[Bug 211580] deny system message buffer access from jails

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[Bug 211580] deny system message buffer access from jails


--- Comment #19 from Jamie Gritton <[hidden email]> ---
(In reply to Joe Barbish from comment #18)

1. The "sysctl" command: the sysctl MIB that the command is an interface to
contains a wide variety of things, many of which jails have no need to see, and
some of which (e.g. kern.hostname) are considered essential for normal
operation, and doubtless some in between.  Many of the jail permission bits are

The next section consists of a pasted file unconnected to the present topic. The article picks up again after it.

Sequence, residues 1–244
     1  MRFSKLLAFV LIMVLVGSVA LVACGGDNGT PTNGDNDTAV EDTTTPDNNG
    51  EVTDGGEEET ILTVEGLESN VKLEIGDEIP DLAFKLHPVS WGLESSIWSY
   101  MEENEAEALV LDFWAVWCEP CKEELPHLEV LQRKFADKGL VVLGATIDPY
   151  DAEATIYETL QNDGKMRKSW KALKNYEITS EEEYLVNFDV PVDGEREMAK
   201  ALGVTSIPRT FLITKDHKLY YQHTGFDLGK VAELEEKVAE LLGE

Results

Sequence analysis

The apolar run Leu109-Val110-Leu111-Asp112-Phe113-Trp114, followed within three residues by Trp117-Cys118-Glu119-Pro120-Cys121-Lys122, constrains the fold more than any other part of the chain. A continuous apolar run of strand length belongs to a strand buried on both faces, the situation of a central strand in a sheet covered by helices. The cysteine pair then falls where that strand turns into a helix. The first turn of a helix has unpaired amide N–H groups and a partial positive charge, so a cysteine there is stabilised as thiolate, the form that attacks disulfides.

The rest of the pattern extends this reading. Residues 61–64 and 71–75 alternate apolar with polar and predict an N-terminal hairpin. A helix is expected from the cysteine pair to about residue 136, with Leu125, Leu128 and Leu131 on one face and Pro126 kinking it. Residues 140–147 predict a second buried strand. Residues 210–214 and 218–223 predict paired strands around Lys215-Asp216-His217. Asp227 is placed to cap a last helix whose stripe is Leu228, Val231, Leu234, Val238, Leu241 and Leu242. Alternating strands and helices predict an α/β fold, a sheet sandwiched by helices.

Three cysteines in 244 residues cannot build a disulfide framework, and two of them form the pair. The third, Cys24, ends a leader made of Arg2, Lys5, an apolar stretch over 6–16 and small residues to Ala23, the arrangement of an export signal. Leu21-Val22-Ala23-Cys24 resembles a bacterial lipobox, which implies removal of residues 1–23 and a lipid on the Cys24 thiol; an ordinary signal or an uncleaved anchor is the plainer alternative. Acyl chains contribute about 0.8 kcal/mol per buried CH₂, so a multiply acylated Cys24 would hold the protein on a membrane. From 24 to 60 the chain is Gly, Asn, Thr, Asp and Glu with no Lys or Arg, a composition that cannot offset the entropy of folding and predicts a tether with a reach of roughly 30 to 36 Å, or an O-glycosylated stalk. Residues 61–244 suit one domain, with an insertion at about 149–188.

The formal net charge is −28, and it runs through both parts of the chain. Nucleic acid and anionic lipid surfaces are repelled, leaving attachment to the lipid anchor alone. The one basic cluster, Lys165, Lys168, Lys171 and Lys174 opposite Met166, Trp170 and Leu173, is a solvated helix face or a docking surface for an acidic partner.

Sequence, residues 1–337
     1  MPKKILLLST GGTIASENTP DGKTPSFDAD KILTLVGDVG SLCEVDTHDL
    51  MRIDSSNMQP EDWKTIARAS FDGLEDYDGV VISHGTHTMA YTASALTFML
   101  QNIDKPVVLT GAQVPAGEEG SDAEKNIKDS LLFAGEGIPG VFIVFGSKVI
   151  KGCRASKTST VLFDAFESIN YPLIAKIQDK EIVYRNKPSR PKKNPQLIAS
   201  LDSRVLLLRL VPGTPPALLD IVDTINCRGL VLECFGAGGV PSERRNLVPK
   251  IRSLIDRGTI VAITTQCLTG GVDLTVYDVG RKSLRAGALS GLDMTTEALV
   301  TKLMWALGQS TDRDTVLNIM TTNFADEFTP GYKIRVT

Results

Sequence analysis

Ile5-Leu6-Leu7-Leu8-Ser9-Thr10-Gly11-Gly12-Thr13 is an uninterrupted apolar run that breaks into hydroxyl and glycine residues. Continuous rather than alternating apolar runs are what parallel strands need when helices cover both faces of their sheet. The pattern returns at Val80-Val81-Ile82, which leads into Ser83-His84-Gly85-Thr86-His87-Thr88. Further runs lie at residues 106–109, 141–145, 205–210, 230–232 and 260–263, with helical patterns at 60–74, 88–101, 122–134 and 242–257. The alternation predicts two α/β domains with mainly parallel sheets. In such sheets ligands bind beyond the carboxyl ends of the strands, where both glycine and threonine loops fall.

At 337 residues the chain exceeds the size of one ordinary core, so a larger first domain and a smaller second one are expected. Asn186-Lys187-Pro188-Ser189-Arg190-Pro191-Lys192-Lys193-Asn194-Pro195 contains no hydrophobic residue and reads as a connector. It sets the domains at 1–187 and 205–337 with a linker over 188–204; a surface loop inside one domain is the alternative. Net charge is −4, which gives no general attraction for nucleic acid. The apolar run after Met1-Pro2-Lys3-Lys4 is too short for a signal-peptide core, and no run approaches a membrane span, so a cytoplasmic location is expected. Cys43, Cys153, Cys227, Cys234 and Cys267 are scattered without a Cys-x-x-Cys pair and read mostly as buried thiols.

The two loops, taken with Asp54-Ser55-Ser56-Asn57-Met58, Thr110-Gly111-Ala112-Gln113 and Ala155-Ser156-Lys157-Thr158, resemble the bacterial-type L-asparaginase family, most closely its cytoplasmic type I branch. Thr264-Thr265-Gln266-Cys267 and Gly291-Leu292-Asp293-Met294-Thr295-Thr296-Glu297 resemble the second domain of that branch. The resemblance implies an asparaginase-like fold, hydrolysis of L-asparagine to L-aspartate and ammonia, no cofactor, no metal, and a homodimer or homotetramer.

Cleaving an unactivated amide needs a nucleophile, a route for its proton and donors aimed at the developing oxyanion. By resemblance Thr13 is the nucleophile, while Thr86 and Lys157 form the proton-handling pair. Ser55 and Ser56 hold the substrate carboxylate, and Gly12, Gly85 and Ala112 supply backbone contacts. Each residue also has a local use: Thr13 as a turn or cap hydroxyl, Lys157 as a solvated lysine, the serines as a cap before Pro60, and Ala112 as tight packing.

already tied to specific parts of the MIB, but it doesn't make any sense to
wholesale turn off the ability to retrieve data via sysctl.  It might make
sense to have some kind of jail-readable flag for sysctls, similar to the
jail-writable flag that already exists (CTLFLAG_PRISON), but there are many
per-value judgement calls to make there.

2. The "kenv" command and associated system call: none of this information
looks particularly useful to jails, but neither does it look particularly
dangerous.  At first glance, that's a similar situation to dmesg, but the
problem with the latter is there's no regulation on the kind of information
that might end up in the dmesg buffer.  The kernel environment from kenv isn't
so open-ended, and seems to be almost entirely boot/device options.  We may
want to hide those, and I doubt that showing them serves anyone any purpose,
but I'm not particularly worried about the security implications.

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